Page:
The Air Transport Association said airlines in the U.S. increased domestic capacity by almost one percent in the second quarter of 2010, and 3.4 percent in the current quarter, The Wall Street Journal reported.
The good news is tempered by fear airlines will add too many seats, which contributed to bankruptcies and layoffs earlier this decade.
"As long as each airline continues to exercise restraint, everybody benefits financially, said Douglas Runte, a managing director at Piper Jaffray & Co., a financial management company.
International capacity by airlines flying in and out of the U.S. is expected to rise more than 9 percent in the fourth quarter and 10 percent in the first quarter of next year, keeping investors edgy the industry will add too much capacity, the newspaper said.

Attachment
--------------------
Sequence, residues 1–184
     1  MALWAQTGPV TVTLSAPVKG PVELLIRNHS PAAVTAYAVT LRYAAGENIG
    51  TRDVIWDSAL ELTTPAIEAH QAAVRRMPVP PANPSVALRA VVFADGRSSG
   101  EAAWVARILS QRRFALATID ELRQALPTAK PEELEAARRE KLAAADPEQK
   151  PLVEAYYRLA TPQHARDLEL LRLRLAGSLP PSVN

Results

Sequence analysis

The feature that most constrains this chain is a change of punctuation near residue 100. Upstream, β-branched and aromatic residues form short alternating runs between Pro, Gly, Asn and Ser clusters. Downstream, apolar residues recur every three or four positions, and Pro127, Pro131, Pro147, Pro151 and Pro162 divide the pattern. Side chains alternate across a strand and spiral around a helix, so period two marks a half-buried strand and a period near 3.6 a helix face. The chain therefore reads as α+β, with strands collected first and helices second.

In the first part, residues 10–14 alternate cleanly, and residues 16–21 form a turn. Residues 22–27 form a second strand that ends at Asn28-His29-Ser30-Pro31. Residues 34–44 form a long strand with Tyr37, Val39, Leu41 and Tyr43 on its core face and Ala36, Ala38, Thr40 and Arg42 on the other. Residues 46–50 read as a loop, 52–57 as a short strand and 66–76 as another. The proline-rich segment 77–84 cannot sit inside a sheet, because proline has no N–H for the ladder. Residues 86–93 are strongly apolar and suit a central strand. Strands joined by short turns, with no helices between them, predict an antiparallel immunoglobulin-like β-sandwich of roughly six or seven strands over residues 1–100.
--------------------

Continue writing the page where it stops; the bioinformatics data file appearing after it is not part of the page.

"A rogue airline adding a lot of capacity individually benefits, while diminishing results in aggregate," an unnamed hedge fund manager said in the report. "It also potentially spurs a competitive response by other airlines."
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